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NASA reveals strange pattern in Antarctica’s sea ice

At first glace, it like the patchwork layout of a city from above.

But in fact, this incredible image shows a rare formation of ice in Antarctica.

Known as ‘finger rafting,’ which occurs when two floes of thin sea ice collide.

 

The amazing image shows ice in the Weddell Sea, a part of the Southern Ocean off the Antarctic Peninsula. It was taken by NASA scientist John Sonntag on November 14 as part of Operation IceBridge, which has been studying how polar ice has evolved over the past nine years and is currently flying a set of nine-hour research flights over West Antarctica to monitor ice loss.

FINGER RAFTING 

‘Finger rafting,’ occurs when two floes of thin sea ice collide.

As a result of the collision, blocks of ice slide above and below each other in a pattern that resembles a zipper or interlocking fingers. 

Brine expelled from the ice forms a solution that acts as a lubricant.  

 

‘Ice can be stunningly beautiful and also quite varied in its appearance, explains NASA.

‘The most obvious differences are between the two main ice types: land ice and sea ice. But even sea ice can vary dramatically from one place to another.’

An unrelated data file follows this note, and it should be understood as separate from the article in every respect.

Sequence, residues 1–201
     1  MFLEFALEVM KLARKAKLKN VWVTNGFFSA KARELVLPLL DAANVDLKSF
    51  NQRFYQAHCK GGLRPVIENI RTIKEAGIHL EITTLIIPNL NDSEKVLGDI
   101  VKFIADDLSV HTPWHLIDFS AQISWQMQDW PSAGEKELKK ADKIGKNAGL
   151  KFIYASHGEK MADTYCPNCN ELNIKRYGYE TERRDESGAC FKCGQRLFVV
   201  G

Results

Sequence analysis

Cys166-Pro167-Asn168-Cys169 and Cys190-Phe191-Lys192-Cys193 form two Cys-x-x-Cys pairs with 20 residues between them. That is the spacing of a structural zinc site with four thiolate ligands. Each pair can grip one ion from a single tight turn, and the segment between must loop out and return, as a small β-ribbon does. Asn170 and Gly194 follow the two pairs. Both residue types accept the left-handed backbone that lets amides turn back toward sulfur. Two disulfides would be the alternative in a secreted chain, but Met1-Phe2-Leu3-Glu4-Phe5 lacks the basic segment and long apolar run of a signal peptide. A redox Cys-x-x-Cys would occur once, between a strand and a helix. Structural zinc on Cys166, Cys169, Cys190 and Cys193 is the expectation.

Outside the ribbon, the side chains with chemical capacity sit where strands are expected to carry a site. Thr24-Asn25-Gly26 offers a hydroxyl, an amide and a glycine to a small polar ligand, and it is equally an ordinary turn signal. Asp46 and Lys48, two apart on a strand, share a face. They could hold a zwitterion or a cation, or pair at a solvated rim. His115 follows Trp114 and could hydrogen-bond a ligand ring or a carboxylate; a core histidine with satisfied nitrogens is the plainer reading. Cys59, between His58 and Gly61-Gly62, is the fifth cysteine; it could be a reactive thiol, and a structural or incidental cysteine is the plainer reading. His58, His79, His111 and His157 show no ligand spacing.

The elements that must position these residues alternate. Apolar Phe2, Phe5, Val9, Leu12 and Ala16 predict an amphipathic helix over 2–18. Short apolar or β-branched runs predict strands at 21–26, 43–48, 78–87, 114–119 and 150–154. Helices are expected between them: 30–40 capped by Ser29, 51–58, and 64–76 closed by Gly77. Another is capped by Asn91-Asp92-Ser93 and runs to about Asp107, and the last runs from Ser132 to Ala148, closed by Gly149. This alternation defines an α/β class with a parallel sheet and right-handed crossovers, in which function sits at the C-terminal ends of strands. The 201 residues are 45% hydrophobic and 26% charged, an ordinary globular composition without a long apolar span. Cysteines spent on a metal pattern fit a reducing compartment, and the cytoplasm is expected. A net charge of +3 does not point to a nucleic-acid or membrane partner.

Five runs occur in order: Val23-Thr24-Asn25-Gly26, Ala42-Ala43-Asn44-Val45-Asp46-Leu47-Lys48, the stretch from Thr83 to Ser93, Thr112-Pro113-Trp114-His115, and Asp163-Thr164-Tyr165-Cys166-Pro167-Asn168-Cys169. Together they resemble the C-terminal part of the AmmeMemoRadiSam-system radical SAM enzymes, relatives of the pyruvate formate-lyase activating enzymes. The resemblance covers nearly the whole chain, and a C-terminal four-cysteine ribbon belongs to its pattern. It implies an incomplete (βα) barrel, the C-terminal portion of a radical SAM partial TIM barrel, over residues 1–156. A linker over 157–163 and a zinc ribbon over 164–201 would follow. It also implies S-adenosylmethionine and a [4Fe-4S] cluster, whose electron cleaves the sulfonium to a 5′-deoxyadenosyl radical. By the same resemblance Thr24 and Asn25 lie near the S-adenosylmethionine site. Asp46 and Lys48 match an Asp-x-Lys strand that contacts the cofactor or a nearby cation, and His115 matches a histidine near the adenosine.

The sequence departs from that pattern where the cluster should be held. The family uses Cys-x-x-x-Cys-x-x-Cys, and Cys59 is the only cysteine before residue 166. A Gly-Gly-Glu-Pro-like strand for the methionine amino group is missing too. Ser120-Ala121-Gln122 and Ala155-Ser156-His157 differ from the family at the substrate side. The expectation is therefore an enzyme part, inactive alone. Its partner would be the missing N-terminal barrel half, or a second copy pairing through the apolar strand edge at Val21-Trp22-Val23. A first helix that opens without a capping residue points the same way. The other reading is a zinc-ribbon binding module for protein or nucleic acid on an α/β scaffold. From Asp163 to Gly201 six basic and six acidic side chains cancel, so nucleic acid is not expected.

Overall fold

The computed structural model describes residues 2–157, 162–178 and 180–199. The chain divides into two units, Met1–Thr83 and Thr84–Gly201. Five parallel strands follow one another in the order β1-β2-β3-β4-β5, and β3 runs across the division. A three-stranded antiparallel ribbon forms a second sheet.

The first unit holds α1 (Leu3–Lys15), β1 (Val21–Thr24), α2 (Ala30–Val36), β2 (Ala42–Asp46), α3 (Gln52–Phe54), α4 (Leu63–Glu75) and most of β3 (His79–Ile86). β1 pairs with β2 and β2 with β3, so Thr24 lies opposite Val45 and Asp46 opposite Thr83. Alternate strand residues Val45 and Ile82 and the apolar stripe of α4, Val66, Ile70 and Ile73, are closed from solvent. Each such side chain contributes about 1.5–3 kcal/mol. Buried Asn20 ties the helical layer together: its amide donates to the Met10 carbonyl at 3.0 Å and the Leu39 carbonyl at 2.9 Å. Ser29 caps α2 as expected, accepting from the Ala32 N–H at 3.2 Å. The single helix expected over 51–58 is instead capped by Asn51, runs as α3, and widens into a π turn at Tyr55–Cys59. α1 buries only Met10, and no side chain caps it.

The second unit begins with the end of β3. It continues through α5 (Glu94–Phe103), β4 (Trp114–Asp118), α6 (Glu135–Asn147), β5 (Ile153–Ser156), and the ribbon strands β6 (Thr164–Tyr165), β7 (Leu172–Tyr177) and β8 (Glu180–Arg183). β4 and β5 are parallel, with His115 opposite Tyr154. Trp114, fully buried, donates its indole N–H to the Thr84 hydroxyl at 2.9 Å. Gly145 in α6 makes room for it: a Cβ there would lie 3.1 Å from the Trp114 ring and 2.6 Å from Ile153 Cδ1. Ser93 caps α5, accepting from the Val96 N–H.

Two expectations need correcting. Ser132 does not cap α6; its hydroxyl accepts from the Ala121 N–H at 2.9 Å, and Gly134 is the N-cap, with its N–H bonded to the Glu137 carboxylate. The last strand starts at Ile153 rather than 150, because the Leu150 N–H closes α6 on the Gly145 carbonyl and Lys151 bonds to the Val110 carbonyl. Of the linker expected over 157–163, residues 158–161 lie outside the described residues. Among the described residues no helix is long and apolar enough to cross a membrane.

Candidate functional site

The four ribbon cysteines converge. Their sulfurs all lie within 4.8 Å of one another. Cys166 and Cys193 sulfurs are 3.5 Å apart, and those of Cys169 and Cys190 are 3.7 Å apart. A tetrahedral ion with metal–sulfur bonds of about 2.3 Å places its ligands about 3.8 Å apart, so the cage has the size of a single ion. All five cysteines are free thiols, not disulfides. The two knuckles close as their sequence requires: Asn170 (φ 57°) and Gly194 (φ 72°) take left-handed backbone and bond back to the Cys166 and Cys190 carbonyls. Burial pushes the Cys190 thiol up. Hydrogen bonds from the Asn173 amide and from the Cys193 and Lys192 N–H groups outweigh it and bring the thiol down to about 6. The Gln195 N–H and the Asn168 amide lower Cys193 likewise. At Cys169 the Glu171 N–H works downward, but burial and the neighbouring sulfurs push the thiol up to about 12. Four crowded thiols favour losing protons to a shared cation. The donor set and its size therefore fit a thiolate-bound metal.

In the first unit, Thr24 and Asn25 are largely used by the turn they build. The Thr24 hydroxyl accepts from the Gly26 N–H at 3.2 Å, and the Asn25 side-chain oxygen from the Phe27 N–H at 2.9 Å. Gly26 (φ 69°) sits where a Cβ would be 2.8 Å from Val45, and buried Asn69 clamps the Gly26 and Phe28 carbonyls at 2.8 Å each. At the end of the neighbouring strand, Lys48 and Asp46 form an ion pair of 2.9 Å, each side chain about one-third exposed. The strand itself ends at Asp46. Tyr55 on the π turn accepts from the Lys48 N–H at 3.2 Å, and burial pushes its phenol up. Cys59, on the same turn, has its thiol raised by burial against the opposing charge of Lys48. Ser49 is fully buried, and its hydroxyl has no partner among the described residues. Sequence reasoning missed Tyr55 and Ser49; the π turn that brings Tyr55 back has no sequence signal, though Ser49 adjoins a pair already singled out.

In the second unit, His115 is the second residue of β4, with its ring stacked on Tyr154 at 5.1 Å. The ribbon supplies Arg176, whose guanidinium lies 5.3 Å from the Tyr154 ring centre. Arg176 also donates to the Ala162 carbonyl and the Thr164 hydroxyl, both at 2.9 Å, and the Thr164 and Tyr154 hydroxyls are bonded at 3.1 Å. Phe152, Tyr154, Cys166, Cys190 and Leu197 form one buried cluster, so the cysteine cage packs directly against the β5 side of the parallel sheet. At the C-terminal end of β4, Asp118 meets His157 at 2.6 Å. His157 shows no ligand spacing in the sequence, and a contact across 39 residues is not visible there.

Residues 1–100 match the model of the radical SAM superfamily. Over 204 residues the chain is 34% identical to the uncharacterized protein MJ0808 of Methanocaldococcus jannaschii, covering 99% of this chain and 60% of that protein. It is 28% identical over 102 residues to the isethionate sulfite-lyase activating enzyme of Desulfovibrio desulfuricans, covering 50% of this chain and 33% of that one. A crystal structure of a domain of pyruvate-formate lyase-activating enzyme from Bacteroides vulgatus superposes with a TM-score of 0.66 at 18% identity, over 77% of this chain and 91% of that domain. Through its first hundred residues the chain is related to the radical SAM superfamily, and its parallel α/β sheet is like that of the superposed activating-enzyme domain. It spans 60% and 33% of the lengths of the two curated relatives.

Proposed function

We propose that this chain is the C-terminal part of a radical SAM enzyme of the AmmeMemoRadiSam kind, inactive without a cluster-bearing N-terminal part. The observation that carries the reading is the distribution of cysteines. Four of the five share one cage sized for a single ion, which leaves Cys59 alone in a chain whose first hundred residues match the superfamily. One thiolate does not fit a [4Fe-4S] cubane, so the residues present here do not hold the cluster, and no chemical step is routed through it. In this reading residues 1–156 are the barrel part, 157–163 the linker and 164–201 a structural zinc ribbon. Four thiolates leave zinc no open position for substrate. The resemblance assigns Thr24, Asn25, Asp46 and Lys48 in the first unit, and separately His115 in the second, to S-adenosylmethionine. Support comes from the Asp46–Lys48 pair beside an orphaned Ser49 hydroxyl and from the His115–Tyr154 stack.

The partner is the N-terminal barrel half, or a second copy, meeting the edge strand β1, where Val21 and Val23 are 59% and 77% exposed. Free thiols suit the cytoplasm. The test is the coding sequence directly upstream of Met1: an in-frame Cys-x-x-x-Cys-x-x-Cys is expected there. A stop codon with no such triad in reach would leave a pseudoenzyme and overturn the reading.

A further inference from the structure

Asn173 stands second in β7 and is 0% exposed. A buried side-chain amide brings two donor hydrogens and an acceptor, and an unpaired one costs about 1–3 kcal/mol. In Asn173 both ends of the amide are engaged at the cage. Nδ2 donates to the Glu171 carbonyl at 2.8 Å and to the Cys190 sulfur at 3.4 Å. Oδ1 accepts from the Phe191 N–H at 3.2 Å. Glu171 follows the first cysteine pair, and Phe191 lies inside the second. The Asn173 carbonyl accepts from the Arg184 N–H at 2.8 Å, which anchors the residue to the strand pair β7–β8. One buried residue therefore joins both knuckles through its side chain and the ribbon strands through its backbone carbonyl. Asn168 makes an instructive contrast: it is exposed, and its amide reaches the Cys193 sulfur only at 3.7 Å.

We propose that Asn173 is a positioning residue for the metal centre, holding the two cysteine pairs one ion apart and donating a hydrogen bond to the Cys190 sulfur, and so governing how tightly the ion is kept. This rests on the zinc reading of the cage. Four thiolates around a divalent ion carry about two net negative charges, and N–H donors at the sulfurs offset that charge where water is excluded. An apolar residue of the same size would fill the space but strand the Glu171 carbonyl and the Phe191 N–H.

The amazing image shows ice in the Weddell Sea, a part of the Southern Ocean off the Antarctic Peninsula.

It was taken by NASA scientist John Sonntag on November 14 as part of Operation IceBridge, which has been studying how polar ice has evolved over the past nine years and is currently flying a set of nine-hour research flights over West Antarctica to monitor ice loss.

The geometric shapes are due to a phenomenon known as ‘finger rafting,’ which occurs when two floes of thin ice collide. 

As a result of the collision, blocks of ice slide above and below each other in a pattern that resembles a zipper or interlocking fingers. 

Brine expelled from the ice forms a solution that acts as a lubricant. 

For finger rafting to occur, it’s critical that the ice be thin—calculations suggest no more than 8 inches, or 20 centimeters. 

Any thicker and the ice loses its flexibility. 

Without flexibility, thicker ice floes that collide can result in a big pile up known as ‘ridging.’

NASA’s IceBridge mission, which uses a retrofitted 1966 Lockheed P-3 aircraft, is now targeting ‘sea ice in the Bellingshausen and Weddell seas and glaciers in the Antarctic Peninsula and along the English and Bryan Coasts,’ NASA said.